U.S. consumer spending slows in January; income surges

WASHINGTON (Reuters) – U.S. consumer spending rose less than expected in January, a loss of momentum that could be exacerbated by the rapidly spreading coronavirus, which has triggered a sharp stock market sell-off and revived fears of a recession.

Other data on Friday showed the goods trade deficit contracted sharply in January, with both imports and exports declining. While the narrowing goods trade deficit could be a boost to the calculation of gross domestic product, a lot depends on how the coronavirus unfolds in the United States.

The Commerce Department said consumer spending, which accounts for more than two-thirds of U.S. economic activity, increased 0.2% last month as unseasonably mild weather reduced demand for heating and undercut sales at clothing stores.

Data for December was revised higher to show consumer spending rising 0.4%, instead of the previously reported 0.3% increase. Economists polled by Reuters had forecast consumer spending gaining 0.3% in January.

Wall Street’s main indexes slipped into correction territory on Thursday, with the yield on the benchmark 10-year Treasury note plumbing record lows. Financial markets view the coronavirus epidemic as the catalyst that could interrupt the longest economic expansion on record, now in its 11t year.

The coronavirus has killed more than 2,000 people and infected at least 80,000 people, most of them in China.

Money markets have increased their bets on the prospect of more Federal Reserve interest rate cuts. The U.S. central bank cut rates three times last year. The coronavirus outbreak could challenge the Fed’s desire to keep monetary policy on hold at least through 2020.

U.S. stock index futures were trading lower on Friday. The dollar was little changed against a basket of currencies. U.S. Treasury prices were higher.


With consumer spending tepid, inflation remained benign. Consumer prices as measured by the personal consumption expenditures (PCE) price index edged up 0.1% in January. The PCE price index was held back by a 0.7% drop in the cost of energy goods and services, offsetting a 0.3% gain in food prices.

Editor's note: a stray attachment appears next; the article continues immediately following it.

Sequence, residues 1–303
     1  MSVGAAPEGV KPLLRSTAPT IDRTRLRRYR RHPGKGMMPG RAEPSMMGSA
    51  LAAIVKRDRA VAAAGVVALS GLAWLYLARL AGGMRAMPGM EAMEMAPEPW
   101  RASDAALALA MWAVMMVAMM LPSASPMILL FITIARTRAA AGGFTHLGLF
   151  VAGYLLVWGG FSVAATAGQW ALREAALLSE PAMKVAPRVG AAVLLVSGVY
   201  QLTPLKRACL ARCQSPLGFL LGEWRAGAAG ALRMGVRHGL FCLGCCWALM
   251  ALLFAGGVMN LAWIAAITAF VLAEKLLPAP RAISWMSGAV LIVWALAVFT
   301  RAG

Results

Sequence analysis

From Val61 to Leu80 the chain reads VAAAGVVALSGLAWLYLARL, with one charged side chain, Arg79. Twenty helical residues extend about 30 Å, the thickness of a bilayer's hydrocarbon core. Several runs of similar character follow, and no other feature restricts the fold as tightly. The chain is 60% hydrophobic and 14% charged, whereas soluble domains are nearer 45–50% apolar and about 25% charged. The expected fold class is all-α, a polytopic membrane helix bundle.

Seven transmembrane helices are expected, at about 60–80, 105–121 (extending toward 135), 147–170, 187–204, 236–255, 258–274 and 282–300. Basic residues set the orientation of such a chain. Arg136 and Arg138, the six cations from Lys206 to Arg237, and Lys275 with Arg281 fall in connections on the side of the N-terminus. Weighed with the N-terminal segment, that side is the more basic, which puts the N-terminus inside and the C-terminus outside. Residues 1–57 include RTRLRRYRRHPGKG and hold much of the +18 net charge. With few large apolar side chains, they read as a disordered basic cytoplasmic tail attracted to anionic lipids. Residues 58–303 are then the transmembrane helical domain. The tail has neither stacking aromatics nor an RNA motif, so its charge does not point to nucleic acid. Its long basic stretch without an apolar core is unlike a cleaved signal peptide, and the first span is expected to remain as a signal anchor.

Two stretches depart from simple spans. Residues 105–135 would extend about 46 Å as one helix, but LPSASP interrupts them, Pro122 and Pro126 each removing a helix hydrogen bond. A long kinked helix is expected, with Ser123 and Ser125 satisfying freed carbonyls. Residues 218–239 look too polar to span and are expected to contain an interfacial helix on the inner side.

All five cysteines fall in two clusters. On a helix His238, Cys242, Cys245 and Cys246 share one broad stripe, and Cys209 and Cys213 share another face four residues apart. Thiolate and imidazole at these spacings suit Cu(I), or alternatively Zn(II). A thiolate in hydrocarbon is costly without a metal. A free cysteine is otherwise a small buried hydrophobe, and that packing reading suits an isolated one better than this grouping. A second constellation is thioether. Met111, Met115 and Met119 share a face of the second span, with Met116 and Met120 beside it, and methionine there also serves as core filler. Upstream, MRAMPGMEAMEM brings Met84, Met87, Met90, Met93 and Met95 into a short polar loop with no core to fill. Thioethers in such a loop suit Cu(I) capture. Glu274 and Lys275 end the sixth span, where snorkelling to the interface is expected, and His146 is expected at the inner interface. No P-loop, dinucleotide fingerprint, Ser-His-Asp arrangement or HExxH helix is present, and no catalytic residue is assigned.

The PCE price index increased 0.3% in December. In the 12 months through January, the PCE price index accelerated 1.7%. That was the biggest gain since December 2018 and reflected the drop of 2019’s low readings from the calculation. The PCE price index advanced 1.5% year-on-year in December.

Excluding the volatile food and energy components, the PCE price index ticked up 0.1% in January after rising 0.2% in December. That lifted the annual increase in the so-called core PCE price index to 1.6% in January from 1.5% in December.

The core PCE index is the Fed’s preferred inflation measure. It missed the central bank’s 2% target every month in 2019.

When adjusted for inflation, consumer spending nudged up 0.1% in January after rising by the same margin in the prior month. That suggests consumer spending got off to a slow start in the first quarter after cooling considerably in the final three months of 2019.

The government reported on Thursday that consumer spending increased at a 1.7% annualized rate in the fourth quarter, stepping back from the July-September quarter’s brisk 3.2% pace. The economy grew at a 2.1% rate in the fourth quarter, matching the third quarter’s pace.

The coronavirus epidemic prompted Goldman Sachs early this week to cut its first-quarter gross domestic product growth estimate by two-tenths of a percentage point to a 1.2% rate. Growth estimates for the January-March quarter were already on the low side because of Boeing’s (BA.N) suspension of production of its troubled 737 MAX plane starting last month.

In second report on Friday, the Commerce Department said the goods trade deficit contracted 4.6% to $65.5 billion in January. Goods imports tumbled 2.2% last month and exports dropped 1.0%.

The department also reported retail inventories were unchanged in January after edging down 0.1% in the prior month.

Retail inventories, excluding motor vehicles and parts, the component that goes into the calculation of GDP, increased 0.3% last month after gaining 0.1% in December. Inventories at wholesalers fell 0.2% in January. That followed a 0.3% decline in December.

Despite last month’s tepid gain in spending, consumer fundamentals remain healthy. Personal income jumped 0.6% in January, the most since February 2019, after gaining 0.1% in December. Income was boosted by the annual cost of living adjustment for social security recipients and other government welfare programs.

Wages rose 0.5% in January after gaining 0.1% in the prior month. With income growth outpacing consumer spending, savings raced to $1.33 trillion last month, the highest since March 2019, from $1.26 trillion in December.

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